Canada: $8B in pension funds hit by Ponzi scheme

A $8 billion pension fund run by Canada’s government and funded by the pension plans of public servants has been hit by a massive Ponzial scheme, leaving more than 200,000 Canadians who received their pensions frozen out of their benefits.

The Ontario Provincial Employees Retirement System, known as OPRS, is responsible for providing the bulk of public-sector pension payments.

The fund had been in existence since the 1980s, but it was shut down by a Ponziac scheme that was believed to be running for more than five years, according to a news release issued by OPRFSA on Tuesday.

The scheme’s main purpose was to generate a $1.6 billion windfall for OPRs management by converting its $8.3 billion in assets into an $8,000-a-year salary increase that would make it worth much more to the fund than it would otherwise be.

In an email sent to staff on Tuesday, OPR’s board announced that the fund had suffered “a systemic breach of the trust” by a rogue trader.

In response, Oprs’ management team launched a massive campaign of “fraud prevention” and “deleting” emails from employees who had been affected by the Ponzios scheme, the release stated.

It did not specify what the fund was doing with the deleted emails.

The scandal prompted Ontario’s Auditor-General to launch an investigation into the matter, which is ongoing.

Ponzies are a growing problem across the country, but have become more prevalent in Canada in recent years, with a massive number of pension funds frozen out because they are not being paid in full.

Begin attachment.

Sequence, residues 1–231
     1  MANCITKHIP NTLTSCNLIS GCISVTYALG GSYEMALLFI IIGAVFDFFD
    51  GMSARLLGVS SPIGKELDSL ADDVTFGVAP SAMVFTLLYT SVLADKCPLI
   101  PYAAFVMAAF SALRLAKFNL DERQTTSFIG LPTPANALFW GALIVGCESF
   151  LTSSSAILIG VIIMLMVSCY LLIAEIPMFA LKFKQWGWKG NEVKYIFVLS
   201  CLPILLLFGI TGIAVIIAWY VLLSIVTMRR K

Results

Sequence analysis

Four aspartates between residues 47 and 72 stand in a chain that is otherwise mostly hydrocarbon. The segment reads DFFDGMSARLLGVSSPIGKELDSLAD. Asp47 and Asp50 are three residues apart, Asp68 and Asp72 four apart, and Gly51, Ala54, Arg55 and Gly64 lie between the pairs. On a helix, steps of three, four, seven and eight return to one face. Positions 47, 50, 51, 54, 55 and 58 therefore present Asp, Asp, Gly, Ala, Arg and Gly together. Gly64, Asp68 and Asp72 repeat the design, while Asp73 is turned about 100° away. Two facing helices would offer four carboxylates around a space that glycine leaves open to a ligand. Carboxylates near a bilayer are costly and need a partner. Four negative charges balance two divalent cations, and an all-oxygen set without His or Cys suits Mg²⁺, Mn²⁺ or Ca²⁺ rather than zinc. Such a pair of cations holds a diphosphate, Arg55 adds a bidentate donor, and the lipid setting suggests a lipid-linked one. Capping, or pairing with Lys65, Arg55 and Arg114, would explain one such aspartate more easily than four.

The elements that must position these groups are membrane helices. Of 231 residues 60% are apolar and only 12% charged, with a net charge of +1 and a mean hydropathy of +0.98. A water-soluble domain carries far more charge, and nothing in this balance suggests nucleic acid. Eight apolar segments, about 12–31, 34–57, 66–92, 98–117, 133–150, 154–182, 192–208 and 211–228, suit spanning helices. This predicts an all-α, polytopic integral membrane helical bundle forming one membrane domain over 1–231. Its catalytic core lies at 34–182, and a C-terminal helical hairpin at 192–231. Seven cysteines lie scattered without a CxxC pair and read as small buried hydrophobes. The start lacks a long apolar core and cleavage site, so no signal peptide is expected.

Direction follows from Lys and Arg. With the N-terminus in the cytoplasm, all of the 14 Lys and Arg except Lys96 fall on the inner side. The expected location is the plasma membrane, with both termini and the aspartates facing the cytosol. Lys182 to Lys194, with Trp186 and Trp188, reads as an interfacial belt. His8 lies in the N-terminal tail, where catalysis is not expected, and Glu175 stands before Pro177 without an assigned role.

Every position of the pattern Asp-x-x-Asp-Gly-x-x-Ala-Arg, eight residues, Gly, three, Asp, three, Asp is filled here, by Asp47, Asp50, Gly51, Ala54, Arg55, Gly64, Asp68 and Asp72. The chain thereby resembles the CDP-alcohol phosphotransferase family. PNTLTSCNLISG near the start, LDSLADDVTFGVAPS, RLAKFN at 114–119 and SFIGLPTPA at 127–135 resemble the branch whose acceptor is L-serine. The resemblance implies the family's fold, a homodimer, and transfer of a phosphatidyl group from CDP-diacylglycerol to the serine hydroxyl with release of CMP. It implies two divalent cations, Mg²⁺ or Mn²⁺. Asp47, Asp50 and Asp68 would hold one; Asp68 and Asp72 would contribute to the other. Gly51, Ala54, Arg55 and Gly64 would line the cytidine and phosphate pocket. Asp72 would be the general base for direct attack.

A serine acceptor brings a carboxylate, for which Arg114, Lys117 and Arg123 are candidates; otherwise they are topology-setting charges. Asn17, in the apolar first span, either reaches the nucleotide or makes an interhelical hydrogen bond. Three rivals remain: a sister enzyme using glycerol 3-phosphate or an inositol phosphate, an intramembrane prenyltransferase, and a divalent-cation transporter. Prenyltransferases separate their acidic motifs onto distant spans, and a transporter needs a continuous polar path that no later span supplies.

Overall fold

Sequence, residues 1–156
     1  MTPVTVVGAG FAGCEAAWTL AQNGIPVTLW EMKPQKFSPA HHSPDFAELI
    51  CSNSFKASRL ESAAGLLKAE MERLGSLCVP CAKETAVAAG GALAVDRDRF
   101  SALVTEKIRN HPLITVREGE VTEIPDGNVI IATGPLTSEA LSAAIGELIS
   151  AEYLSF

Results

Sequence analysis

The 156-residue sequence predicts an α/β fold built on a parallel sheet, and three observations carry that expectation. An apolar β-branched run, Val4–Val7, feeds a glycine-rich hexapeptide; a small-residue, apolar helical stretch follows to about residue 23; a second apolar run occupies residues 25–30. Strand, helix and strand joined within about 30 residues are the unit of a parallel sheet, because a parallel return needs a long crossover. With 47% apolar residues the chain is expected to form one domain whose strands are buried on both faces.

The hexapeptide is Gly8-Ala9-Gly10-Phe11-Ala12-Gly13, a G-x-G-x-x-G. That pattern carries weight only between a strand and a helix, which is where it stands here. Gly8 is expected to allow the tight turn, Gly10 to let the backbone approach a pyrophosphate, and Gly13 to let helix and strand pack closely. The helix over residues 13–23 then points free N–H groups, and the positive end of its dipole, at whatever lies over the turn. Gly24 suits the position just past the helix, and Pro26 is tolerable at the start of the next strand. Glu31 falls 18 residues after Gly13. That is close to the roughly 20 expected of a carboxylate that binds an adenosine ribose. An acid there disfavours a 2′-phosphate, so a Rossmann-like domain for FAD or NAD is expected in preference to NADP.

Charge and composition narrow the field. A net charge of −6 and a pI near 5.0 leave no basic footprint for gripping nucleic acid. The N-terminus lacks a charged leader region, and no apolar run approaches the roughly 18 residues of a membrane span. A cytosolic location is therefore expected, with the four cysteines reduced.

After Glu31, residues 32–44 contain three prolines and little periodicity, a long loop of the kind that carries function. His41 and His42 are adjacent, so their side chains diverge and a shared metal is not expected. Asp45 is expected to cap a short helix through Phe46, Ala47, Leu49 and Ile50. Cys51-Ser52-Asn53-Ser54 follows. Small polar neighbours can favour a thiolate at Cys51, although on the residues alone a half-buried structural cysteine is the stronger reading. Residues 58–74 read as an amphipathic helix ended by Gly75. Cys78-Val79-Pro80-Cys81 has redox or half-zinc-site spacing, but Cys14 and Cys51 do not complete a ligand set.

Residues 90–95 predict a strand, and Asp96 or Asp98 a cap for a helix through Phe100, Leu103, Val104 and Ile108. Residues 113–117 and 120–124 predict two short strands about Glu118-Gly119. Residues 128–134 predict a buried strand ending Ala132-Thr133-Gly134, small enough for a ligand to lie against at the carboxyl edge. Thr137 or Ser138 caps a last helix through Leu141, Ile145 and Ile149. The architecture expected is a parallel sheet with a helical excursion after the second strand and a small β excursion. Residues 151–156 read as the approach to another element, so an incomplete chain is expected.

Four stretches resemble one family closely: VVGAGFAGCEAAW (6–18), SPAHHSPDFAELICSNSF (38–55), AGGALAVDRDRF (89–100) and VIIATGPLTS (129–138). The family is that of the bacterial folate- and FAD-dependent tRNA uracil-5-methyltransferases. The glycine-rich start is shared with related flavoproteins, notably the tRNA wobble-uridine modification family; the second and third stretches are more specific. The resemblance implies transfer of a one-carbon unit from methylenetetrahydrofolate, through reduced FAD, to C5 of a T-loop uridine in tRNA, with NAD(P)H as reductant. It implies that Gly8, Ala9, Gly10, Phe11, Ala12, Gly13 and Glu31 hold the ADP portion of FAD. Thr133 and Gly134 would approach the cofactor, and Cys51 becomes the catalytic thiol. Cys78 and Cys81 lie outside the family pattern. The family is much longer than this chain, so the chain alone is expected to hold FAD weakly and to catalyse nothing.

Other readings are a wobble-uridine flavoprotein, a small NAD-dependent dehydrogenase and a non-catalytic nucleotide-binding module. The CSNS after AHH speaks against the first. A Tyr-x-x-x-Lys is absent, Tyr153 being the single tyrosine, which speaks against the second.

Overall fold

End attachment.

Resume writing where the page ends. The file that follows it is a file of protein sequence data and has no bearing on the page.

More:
In Ontario, the OPRC has been the target of several Ponzis, most notably one in which the scheme defrauded Ontario’s public-school pension system out of millions of dollars in funding.

The OPRCs management team was forced to suspend operations in May and June, as Opris continued to fund a scheme that included over $1 billion in pension benefits that were supposed to be returned to the public.

Oprists chief executive officer David Linton confirmed in an interview on CBC News Network’s Power & Passion on Wednesday that he had been notified that his pension fund was shuttered.

“Our team was not aware of the scope of this and we were not informed of the amount of money that was lost,” Linton said.

“I have been advised by my team that the funds were closed down in the middle of June.”

Linton, who also oversees OPRSC’s pension plans in New Brunswick, said he did not want to comment on the situation in Ontario.

“There is a lot of emotion that surrounds this and a lot that we’re trying to get our heads around,” Lister said.

OPRSS said in a statement on Wednesday it is “fully cooperating with authorities and intends to fully cooperate with their investigation.”

OPR and its CEO David Lister in June.

(Facebook) The Oprses fund was founded in 1985 by Canadian businessman William K. Satterwhite, who is also a member of Canada’s Liberal Party.

According to the release, the funds management team received a “full and full accounting” of the fund’s financial condition in early July, and “the auditor found no evidence of a systematic breach of trust.”

Lister’s statement said the fund “is not aware” of any criminal activity.

He added that the Oprss fund’s CEO, Mr. William Linton “is fully cooperating with law enforcement and is cooperating fully with the investigations.”

In a news conference Tuesday, Ontario Premier Kathleen Wynne said the province is working with OPR to determine how it will respond to the scheme.

Wynne added that she expects the Ophors management team will “take steps to ensure that the money that is being used for pensions will be properly repaid to the pensioners.”

She also expressed support for OprS’ efforts to improve pensions in the province.

“This is something that has a real impact on a lot more Ontarians than just one or two,” Wynne said.